Our work is closely related to (sub)gradient based optimization methods. The convergence rate of gradient based methods usually depends on the properties of the objective function to be optimized. When the objective function is strongly convex and smooth, it is well known that gradient descent methods can achieve a geometric convergence rate (Boyd and Vandenberghe 2004). When the objective function is smooth but not strongly convex, the optimal convergence rate of a gradient descent method is \(O(1/T^2)\), and is achieved by the Nesterov’s methods (Nesterov 2007). For the objective function which is strongly convex but not smooth, the convergence rate becomes \(O(1/T)\) (Shalev-Shwartz et al. 2011). For general non-smooth objective functions, the optimal rate of any first order method is \(O(1/\sqrt{T})\). Although it is not improvable in general, recent studies are able to improve this rate to \(O(1/T)\) by exploring the special structure of the objective function (Nesterov 2005a, b). In addition, several methods are developed for composite optimization, where the objective function is written as a sum of a smooth and a non-smooth function (Lan 2010; Nesterov 2007; Lin 2010). Recently, these optimization techniques have been successfully applied to various machine learning problems, such as SVM (Zhou et al. 2010), general regularized empirical loss minimization (Duchi and Singer 2009; Hu et al. 2009), trace norm minimization (Ji and Ye 2009), and multi-task sparse learning (Chen et al. 2009). Despite these efforts, one major limitation of the existing (sub)gradient based algorithms is that in order to achieve a convergence rate better than \(O(1/\sqrt{T})\), they have to assume that the loss function is smooth or the regularizer is strongly convex, making them unsuitable for non-smooth optimization.

2.4 Convex–concave optimization

The present work is also related to convex–concave minimization. Tseng (2008) and Nemirovski (2005) developed prox methods that have a convergence rate of \(O(1/T)\), provided the gradients are Lipschitz continuous and have been applied to machine learning problems (Sun et al. 2009). In contrast, our method achieves a rate of \(O(1/T)\) without requiring the whole gradient but part of the gradient to be Lipschitz continuous. Several other primal-dual algorithms have been developed for regularized empirical loss minimization that update both primal and dual variables. Zhu and Chan (2008) proposed a primal-dual method based on gradient descent, which only achieves a rate of \(O(1/\sqrt{T})\). It was generalized in Esser et al. (2010), which shares the similar spirit of the proposed algorithm. However, the explicit convergence rate was not established even though the convergence is proved. Mosci et al. (2010) presented a primal-dual algorithm for group sparse regularization, which updates the primal variable by a prox method and the dual variable by a Newton’s method. In contrast, the proposed algorithm is a first order method that does not require computing the Hessian matrix as the Newton’s method does, and is therefore more scalable to large datasets. Combettes and Pesquet (2011) and Radu loan Bot Ernö Robert Csetnek (2012) proposed primal-dual splitting algorithms for finding zeros of maximal monotone operators of special types. Lan et al. (2011) considered the primal-dual convex formulations for general cone programming and apply Nesterov’s optimal first order method (Nesterov 2007), Nesterov’s smoothing technique (Nesterov 2005b), and Nemirovski’s prox method (Nemirovski 2005). Nesterov (2005a) proposed a primal dual gradient method for a special class of structured non-smooth optimization problems by exploring an excessive gap technique.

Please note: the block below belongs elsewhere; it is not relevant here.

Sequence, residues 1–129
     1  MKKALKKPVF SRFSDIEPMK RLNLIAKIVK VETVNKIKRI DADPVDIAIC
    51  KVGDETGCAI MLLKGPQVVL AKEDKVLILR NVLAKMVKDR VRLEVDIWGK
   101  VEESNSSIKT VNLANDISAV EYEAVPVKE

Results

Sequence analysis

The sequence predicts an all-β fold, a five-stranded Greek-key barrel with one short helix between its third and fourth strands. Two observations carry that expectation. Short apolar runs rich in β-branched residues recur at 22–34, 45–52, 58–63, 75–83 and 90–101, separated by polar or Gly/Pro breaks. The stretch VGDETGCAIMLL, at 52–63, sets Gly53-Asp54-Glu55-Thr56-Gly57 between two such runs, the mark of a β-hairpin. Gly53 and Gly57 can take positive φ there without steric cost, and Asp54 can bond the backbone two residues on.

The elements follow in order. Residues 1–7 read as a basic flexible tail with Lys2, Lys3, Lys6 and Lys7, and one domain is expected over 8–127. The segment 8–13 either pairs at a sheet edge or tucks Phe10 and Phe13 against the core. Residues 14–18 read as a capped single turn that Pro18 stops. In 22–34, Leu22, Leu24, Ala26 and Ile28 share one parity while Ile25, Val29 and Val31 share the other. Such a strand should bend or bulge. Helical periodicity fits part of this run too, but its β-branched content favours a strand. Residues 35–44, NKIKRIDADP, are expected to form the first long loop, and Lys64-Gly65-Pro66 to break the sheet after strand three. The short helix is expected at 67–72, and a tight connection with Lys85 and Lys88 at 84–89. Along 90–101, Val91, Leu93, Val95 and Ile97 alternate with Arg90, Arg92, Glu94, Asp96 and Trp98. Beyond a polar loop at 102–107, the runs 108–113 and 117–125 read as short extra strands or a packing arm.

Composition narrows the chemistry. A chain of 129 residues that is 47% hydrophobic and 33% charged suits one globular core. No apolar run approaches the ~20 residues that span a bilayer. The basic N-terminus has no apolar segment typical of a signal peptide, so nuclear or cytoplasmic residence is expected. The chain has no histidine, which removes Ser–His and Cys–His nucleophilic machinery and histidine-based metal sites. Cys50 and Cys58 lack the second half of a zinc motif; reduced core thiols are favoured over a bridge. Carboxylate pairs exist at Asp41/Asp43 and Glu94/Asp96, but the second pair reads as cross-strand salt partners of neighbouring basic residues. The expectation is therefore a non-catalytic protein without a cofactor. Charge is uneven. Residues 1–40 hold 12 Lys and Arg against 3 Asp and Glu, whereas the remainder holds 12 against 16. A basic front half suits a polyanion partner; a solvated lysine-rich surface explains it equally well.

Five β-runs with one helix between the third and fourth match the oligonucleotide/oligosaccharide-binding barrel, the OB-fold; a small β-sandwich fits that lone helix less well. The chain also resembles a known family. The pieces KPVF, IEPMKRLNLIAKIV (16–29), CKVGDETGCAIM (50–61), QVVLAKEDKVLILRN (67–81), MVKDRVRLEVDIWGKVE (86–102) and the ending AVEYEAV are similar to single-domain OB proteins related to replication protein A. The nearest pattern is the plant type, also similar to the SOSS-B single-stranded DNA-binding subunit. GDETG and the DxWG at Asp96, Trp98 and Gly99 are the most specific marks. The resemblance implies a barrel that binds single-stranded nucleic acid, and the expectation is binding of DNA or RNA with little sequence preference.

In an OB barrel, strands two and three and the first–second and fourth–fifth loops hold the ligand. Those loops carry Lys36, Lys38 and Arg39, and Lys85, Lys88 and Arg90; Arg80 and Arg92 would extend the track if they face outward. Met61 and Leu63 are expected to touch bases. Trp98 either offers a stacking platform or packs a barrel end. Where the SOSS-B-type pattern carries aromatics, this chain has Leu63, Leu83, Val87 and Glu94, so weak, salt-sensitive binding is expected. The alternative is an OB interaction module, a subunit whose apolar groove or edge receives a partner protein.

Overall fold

2.5 Optimizing non-smooth functions